Tag Archives: book costume
This picture book takes a bit of mind-bending, and that’s fine by me. There’s a boy who believes he’s a bear. There’s a bear who believes he’s a boy. And there’s a friendship of misunderstoods who understand each other.
This is one of those stories that affirms a child’s view of things and leaves adults of out it. I love books like that.
Archie is fed up with no one believing he’s a bear, so he goes to the forest. Where bears live. And he meets one. A bear who believes he is a boy!
The pair share honey sandwiches and teach one another. Archie teaches the bear the ways of being a bear. The bear teaches Archie the ways of being a boy.
And eventually, they go home and find that both bears and boys like sitting by the fire with a warm blanket. Every kind of creature likes that.
Mackintosh’s dynamic and varied illustrations zoom in and out and play with scale in wonderful ways. They combine stark contrasts and soft watercolors and pencil drawings. They sometimes leave things out. The artwork is both simple and complex, like the story.
This is an inventive and satisfying picture book about affirming one’s imagination and finding a kindred spirit.
Big thanks to Zanni Louise for images!
I’ve been waiting for cooler weather to post about this book, and since it’s Halloween-time, what better picture book craft than the costume-y kind! And we’re very lucky because Zanni Louise, the author herself, has stopped by to show us how to make a bear hat and be like Archie. Or like the bear. Well, how to look like a bear anyway.
Over to Zanni!
What you’ll need:
2 x brown sandwich bags
2 x small paper doily
1 x large paper doily
Thick black marker
Cut paper bags in half, lengthwise (top to bottom).
Take one piece of brown paper bag, and fold lengthwise. Roughly calculate the centre point of the strip, and on the fold make two dots approx 3cm / 1.25 inches apart. These are the inner corners of the eyeholes.
On the fold, use markings and cut two semi-circles for eyes. Unfold.
Stick three brown paper strips together, which make one long strip, with the eyeholes in the centre strip. Make a crown around the child’s head, which goes over their eyes, and stick ends together to fit crown securely. You may need to trim ends, depending on the head size. Aim for a big overlap though, as this will be more secure.
Using the larger doily, trim away the ‘lace’ so you are left with a round circle. You can also use white paper or board for this. Draw a black nose and mouth on the white circle, and fasten to your crown, between the eyes. The bottom half of the white circle will hang over the child’s nose and mouth.
Attach the smaller doilies above the eyeholes, on the inside of the crown. These are the ears.
Voila! Your child is now a bear.
Zanni Louise has written numerous books for kids, and is published in 19 countries worldwide. Zanni runs writing workshops for kids and adults, and provides one-on-one mentoring services. Archie and the Bear is Zanni’s first North American publication, and has just been announced as a White Ravens Book for 2018. Find out more about Zanni at www.zannilouise.com
You might also like this Bob the Artist beak craft!
I sure like a gal like Amelia Bloomer. She edited the first newspaper for women. She believed women should be allowed to vote. As Shana Corey puts it, for the mid-nineteenth century:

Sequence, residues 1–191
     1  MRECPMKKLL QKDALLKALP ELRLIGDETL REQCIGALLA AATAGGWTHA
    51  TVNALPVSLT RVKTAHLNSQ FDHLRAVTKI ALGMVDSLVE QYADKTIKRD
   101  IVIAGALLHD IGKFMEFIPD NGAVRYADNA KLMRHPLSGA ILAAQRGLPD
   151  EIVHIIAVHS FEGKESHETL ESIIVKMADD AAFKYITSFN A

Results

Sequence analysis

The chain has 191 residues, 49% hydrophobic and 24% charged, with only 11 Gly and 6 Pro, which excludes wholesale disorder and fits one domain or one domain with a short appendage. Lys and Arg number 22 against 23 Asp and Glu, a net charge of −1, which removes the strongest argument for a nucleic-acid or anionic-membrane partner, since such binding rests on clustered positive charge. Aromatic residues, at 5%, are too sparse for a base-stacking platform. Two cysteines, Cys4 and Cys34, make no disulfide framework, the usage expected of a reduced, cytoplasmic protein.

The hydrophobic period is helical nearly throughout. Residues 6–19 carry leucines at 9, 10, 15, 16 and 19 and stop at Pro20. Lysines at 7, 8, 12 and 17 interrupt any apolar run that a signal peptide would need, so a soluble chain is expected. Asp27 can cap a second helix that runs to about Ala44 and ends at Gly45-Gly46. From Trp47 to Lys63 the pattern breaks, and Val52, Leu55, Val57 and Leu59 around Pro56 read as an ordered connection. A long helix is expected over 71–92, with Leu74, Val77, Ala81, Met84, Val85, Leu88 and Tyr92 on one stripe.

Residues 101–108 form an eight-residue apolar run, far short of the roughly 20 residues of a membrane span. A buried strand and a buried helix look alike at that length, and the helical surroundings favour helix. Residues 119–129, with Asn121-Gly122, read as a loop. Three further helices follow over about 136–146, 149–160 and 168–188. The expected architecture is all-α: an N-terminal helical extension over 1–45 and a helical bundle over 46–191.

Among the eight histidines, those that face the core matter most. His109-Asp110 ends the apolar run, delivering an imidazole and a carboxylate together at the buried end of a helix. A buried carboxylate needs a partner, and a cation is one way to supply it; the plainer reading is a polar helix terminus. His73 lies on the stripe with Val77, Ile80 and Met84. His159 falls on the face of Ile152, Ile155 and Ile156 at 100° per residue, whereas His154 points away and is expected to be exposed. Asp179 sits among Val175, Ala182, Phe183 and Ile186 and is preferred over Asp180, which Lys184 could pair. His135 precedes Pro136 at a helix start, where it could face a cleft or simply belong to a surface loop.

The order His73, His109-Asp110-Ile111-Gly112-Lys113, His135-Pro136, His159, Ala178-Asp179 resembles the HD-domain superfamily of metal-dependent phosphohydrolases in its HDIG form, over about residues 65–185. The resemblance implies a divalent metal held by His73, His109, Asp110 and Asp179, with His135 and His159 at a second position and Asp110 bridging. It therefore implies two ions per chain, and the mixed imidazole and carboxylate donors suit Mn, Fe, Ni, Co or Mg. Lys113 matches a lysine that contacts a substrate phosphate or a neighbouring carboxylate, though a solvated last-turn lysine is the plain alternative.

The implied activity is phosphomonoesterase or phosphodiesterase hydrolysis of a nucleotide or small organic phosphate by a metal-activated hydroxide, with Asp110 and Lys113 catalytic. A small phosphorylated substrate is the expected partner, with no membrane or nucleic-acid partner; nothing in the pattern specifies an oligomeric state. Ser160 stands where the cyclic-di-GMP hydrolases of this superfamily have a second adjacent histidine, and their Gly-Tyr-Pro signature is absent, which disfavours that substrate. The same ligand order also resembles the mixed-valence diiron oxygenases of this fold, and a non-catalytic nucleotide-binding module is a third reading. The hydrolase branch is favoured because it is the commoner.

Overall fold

“Amelia Bloomer was NOT
a proper lady.”
You Forgot Your Skirt, Amelia Bloomer! by Shana Corey, illustrated by Chelsey McLaren.
Shocking, I know! Certainly improper were her dress reform ideas. As soon as she discovered a friend of a friend’s alternative to corsets and hoops and gigantic, weighty dresses, she sewed up that alternative herself. And that’s why it was called a bloomer costume. After her.
images courtesy of Scholastic “Amelia Bloomer was NOT a proper lady.” “The corsets they wore underneath their dresses were so tight it was hard to breathe in them. Proper ladies were fainting at the drop of a hat. What was proper about that?” “And she went right to her sewing machine and sewed a matching outfit for herself. Then she went out for a walk.”
“As soon as it became known that I was wearing the new dress, letters came pouring in upon me by the hundreds from women all over the country making inquiries about the dress and asking for patterns – showing how ready and anxious women were to throw off the burden of long, heavy skirts.”
-Amelia Bloomer herself
My inspiration mood board
I took some major liberties with my Amelia Bloomers-inspired costume, of course. But thanks to four local thrift stores, I think the idea of an independent 19th century woman wearing bloomers comes through!
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The bloomers are from Ragg Mopp Vintage in my neighborhood and I’m going to keep them around to wear around the house or sleep in. They’re big and flowy and adorable.
The local Goodwill and Out of The Closet had both skirts I found and both period-looking shirts, all for six bucks each. That short velvet jacket? Six bucks as well and totally wearable again. (It’s actually Ann Taylor LOFT!)
The only bits that are mine are the shoes and knee-highs.
Amelia would never have worn JUST bloomers, but hey, they’re so adorable!
The long coat I got at a local vintage/costume shop, Ozzie Dots. If you were so inclined, it could be worn as a Victorian-y fall coat.
Here’s to an historical Halloween ! And gutsy ladies!
photos by Todd Davis @ www.DavisHandmade.com.